As you undoubtedly know, my scheduler branch has been merged a month ago. Also, some important changes has been made since, including bug fixes and performance improvements. It is now time to sum up what already has been done, and show some long promised benchmark results. There are still some issues that need to be addressed, but I do not think that any of them is a major one.
It’s been quite a long time since my last report so I think it is a good time to describe what I have been doing in the last two months. The main scheduler logic has been completed and now I am concentrating mainly on bug fixes, adjusting tunables and some minor improvements. I also removed
gSchedulerLock, a spinlock I mentioned in my last post, and replaced it with more fine grained locking. An new interfaces for
cpuidle modules has been created together with a
cpufreq module for Intel Sandy Bridge or newer cores and
cpuidle module for all processors that support C-states and invariant TSC. Furthermore, IRQs (including MSI) can be now directed to an arbitrary logical processor. Implementation of inter-processor interrupts has been improved so that it avoids acquiring any lock if it is not necessary and supports multicast interrupts. And, last but not least, 8 processor limit has been removed.
Thanks to generosity of Haiku supporters, I will be able to continue my work on scheduler in November. It’s high time I wrote a report about what has already been done. As it was mentioned before my work can be tracked in the scheduler branch in my repository. Commit descriptions and some comments in the scheduler code contain more detailed motivation behind some of the decisions I had to make. In this post, though, I will concentrate how my work looked so far and what I plan to do next.
Soon I am going to work as a full-time Haiku developer on enhancing the scheduler. The goal is to improve performance of the whole system and finally deal with some long standing problems. To achieve this CPU affinity will be introduced what would make cache utilization better and I will implement scheduler strategies based on dynamic priorities what, hopefully, would once and for all deal with priority inversion. In addition to that, I want to make scheduler more power-aware. Haiku currently lacks low-level support for some of the more advanced power related features of CPUs but having scheduler ready for would save us from redesigning it later. Also, there are still ways to conserve energy without using the most recent technologies.
Starting with hrev45522 address space layout randomization (ASLR) and data execution prevention (DEP) are available in Haiku. These two features, which have actually become a standard in any modern OS, make it much harder to exploit any vulnerability that may be present in an application running on Haiku thus generally improve system security.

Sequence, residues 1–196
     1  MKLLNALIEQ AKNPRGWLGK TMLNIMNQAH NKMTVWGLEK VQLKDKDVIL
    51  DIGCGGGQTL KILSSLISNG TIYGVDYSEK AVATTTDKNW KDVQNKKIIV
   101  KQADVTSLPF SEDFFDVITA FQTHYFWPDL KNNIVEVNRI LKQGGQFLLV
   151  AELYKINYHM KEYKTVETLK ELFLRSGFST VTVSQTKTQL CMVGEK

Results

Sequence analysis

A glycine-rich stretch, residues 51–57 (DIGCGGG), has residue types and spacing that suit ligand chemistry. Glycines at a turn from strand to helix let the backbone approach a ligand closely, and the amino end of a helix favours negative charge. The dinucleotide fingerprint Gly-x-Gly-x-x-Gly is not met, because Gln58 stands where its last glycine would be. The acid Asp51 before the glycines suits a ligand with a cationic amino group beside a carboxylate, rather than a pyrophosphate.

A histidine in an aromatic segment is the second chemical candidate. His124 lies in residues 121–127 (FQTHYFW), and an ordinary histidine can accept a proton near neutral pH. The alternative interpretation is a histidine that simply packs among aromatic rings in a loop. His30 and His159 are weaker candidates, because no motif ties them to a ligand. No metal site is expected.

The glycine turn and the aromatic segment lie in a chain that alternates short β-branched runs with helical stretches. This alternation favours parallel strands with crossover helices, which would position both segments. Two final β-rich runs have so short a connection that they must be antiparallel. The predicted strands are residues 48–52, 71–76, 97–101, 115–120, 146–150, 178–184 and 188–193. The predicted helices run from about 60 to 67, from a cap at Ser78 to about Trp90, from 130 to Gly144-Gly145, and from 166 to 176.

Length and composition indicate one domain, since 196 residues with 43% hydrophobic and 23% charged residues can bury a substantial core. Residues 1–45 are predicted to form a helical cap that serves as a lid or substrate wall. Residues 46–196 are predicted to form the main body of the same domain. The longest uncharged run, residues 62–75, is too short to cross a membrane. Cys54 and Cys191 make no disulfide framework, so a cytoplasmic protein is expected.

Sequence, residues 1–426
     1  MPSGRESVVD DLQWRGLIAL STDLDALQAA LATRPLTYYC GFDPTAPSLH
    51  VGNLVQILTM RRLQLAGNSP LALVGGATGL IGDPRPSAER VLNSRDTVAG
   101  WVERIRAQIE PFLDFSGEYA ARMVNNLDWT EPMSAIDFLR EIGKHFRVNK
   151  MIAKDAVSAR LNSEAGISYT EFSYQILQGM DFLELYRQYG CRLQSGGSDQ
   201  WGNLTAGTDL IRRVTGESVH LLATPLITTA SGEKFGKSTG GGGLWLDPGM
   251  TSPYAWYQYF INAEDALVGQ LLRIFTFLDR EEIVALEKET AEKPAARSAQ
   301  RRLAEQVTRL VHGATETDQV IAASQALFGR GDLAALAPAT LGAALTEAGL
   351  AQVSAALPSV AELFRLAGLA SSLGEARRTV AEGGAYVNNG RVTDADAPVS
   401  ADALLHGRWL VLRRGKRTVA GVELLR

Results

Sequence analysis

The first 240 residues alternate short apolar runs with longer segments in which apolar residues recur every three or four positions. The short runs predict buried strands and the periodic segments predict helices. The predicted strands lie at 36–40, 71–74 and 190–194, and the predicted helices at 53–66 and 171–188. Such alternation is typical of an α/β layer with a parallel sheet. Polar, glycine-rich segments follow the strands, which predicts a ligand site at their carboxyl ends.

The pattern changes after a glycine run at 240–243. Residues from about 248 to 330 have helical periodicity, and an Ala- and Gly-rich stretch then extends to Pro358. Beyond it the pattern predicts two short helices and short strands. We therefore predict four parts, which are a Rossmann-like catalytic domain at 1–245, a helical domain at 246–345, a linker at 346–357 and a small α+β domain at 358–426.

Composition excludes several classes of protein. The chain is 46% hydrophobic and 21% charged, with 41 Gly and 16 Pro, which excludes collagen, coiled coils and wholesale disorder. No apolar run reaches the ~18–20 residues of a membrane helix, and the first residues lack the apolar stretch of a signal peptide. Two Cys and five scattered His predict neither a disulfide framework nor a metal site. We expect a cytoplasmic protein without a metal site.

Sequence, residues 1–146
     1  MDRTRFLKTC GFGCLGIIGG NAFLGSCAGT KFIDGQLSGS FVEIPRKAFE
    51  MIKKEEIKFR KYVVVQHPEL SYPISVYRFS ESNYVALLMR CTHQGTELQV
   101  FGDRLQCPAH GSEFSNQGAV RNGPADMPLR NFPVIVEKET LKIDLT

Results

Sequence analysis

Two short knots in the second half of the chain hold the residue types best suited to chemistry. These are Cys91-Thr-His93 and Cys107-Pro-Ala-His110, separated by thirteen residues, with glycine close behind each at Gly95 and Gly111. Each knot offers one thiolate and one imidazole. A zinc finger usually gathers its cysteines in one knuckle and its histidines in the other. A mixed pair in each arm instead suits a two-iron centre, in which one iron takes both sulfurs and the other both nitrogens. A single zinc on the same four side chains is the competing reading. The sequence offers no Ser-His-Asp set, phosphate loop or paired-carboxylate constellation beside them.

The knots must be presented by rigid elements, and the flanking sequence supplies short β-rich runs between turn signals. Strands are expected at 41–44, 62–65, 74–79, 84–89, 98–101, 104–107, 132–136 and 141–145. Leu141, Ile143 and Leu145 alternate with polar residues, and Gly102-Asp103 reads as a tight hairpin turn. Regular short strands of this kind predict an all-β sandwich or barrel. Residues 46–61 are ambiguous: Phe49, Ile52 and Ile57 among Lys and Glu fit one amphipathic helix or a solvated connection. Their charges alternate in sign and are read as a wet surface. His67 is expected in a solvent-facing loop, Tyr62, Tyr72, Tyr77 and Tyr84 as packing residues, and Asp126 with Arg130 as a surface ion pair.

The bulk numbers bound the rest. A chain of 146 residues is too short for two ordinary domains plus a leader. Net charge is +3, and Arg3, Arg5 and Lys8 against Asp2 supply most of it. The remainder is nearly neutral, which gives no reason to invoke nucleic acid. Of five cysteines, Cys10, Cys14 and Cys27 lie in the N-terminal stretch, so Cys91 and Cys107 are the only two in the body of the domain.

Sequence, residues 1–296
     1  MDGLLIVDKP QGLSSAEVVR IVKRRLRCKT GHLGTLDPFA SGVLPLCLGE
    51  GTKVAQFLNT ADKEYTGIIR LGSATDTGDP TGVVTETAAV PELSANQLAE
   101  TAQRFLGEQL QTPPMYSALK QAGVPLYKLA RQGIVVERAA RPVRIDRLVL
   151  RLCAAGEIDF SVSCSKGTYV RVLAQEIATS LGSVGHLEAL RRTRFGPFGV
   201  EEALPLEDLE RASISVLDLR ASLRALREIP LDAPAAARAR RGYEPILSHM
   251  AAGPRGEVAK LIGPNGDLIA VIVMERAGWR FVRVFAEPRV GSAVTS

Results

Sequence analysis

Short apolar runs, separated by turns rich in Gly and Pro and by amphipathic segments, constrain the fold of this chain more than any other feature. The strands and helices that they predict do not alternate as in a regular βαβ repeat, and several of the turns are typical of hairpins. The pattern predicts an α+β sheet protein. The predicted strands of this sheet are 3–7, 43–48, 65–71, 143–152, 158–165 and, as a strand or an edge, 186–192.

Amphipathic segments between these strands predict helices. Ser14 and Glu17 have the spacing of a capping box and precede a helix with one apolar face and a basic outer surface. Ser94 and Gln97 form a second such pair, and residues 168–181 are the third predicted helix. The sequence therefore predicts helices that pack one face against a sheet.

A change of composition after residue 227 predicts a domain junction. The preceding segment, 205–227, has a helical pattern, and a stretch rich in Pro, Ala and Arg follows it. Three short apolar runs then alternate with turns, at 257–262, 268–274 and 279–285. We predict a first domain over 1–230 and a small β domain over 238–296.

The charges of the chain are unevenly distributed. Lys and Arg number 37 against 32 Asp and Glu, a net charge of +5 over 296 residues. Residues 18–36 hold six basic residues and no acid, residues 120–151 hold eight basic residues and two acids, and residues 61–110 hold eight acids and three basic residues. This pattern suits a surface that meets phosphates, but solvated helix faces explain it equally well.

Earlier this week NFSv4 client I have been working on during the last year Google Summer of Code has been merged into the main Haiku repository and is now available in nightly images. The client supports all caching mechanisms available in the version 4 of NFS what means that it can get the most out of network connection and the server. Unfortunately due to limitations of the NFS protocol itself extended attributes are not supported yet.
Since three quarter term I've added NFS-level support for named attributes what means that virtually all important NFS version 4 feature are now implemented, as I described them in my blog posts during the coding period. What still needs to be done is to improve support of Haiku's extended attributes and a lot of bugfixing. There is also a room for performance improvement and several possibilities to organize code in a better way.
I’ve recently been working on caching in NFSv4 client. It was essential in order to allow the client to be comfortably used. I can gladly say that the traffic generated by NFS client has been greatly reduced, thanks to metadata, directory, lookup and file caching. I’ve also implemented support for open delegations which, though not always available, allow the client to perform virtually all file operations without immediate server participation.
Having implemented mandatory hooks by quarter term I had good base for implementing other operations like write, rename, create, etc. Moreover, improvements in file system migration and user ID mapping. Apart from that, file locks required most work, since they are both more complicated than other NFS operations and Haiku VFS originally did not allow the file system to handle them its own way.
I have already implemented all mandatory hooks (and several others), what means that NFSv4 client now allows to browse directories and read files on remote filesystems. Last several days I spent on improving the existing code and supporting some less usual NFSv4 describes, that includes reclaiming share reservations, support for server migration and volatile filehandles. I also needed to deal with NFSv4 that do not provide file's inode number, that was solved only partially since proper workaround will be much easier to implement when file metadata and directory contents are cached.